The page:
Pakistan Stocks Post Record Jump on Profits Ahead of Vote

Pakistani stocks are extending their biggest-ever rally as the fastest earnings growth in Asia and prospects for a successful transfer of power between civilian governments help fuel demand from international investors.

The KSE 100 Index (KSE100) has surged 18 percent this year, as higher commodity prices and consumer spending boosted earnings from Lucky Cement Ltd. to Pakistan Petroleum Ltd. Record profit has lured $190 million of stock purchases from overseas investors since Dec. 31, the most since the same period in 2010, data compiled by Bloomberg show. Earnings of companies in the benchmark gauge rose 43 percent in the past 12 months, the largest increase among 17 Asian equity indexes, the data show.

Rising profits and the slowest inflation since at least 2009 have overshadowed violence before tomorrow’s elections, which mark the first time in Pakistan’s history that a civilian government has completed a full five-year term. Earnings will continue to climb and spur more gains in the $50 billion equity market, said Andrew Brudenell, a London-based fund manager at HSBC Global Asset Management Ltd.

“I still see upside and am a buyer as although the market has performed well, the companies have grown earnings strongly too and there is more growth to come,” Brudenell said in an e-mail interview May 9. “We are encouraged by the country reaching the milestone of a civilian party completing a full term in office for the first time.”

Photographer: Asim Hafeez/Bloomberg

A trader monitoring stocks is reflected on a computer screen at the Karachi Stock Exchange in Karachi. This year’s rally has driven the KSE 100 to trade at 7.8 times estimated earnings, the most expensive level in 22 months, according to data compiled by Bloomberg. Close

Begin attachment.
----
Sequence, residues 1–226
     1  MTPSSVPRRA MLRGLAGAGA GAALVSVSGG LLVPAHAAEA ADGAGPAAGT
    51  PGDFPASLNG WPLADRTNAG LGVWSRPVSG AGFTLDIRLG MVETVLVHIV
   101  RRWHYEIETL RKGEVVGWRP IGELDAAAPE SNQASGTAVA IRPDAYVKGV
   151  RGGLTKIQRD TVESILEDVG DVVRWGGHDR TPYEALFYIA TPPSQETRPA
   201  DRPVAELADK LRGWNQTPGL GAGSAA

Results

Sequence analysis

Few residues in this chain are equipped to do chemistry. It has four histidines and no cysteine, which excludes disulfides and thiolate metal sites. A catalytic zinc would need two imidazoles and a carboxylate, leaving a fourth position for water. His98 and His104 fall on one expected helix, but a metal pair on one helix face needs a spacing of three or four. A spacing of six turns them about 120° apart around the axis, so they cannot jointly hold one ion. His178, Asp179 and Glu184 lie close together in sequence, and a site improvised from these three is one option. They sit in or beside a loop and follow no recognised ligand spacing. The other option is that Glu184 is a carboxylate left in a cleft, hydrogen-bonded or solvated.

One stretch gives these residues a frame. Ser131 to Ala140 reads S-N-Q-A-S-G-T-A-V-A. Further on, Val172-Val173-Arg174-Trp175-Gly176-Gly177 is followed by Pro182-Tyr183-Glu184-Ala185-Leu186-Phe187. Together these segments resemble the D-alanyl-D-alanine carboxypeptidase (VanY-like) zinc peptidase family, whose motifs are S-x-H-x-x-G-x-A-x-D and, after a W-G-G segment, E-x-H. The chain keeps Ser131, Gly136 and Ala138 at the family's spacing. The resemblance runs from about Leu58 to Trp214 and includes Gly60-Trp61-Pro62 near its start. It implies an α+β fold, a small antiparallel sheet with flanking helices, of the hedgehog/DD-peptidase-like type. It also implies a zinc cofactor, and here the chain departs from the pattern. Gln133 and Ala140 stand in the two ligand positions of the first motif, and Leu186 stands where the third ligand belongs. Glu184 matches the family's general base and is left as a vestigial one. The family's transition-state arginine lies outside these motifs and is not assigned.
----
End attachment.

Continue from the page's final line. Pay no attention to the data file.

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Photographer: Asim Hafeez/Bloomberg

A trader monitoring stocks is reflected on a computer screen at the Karachi Stock Exchange in Karachi. This year’s rally has driven the KSE 100 to trade at 7.8 times estimated earnings, the most expensive level in 22 months, according to data compiled by Bloomberg.

Brudenell’s HSBC Frontier Markets Fund (HSFAX) has returned 15 percent in 2013, beating 97 percent of peers tracked by Bloomberg.

Coalition Government

At least 118 people have been killed and 494 injured in election-related violence. Pakistan has been ruled by the army for half its history since partition from India in 1947, with civilian governments ousted by generals following allegations of corruption and misrule.

The coalition government led by President Asif Ali Zardari’s Pakistan Peoples Party is the first elected administration to complete its five-year term and prepare to transfer power through a vote.

“Like everyone, we are hopeful for a peaceful and democratic election process resulting in a government that can take the country forward economically,” HSBC Global’s Brudenell said.

Recent opinion polls indicate no party will get more than 50 percent of the total in the national parliamentary ballot. In a Gallup Pakistan survey in March, two-time Prime Minister Nawaz Sharif’s Muslim League received 37 percent support, double that of Zardari’s Peoples Party and cricket icon Imran Khan’s Tehreek-e-Insaf group.

Market Triggers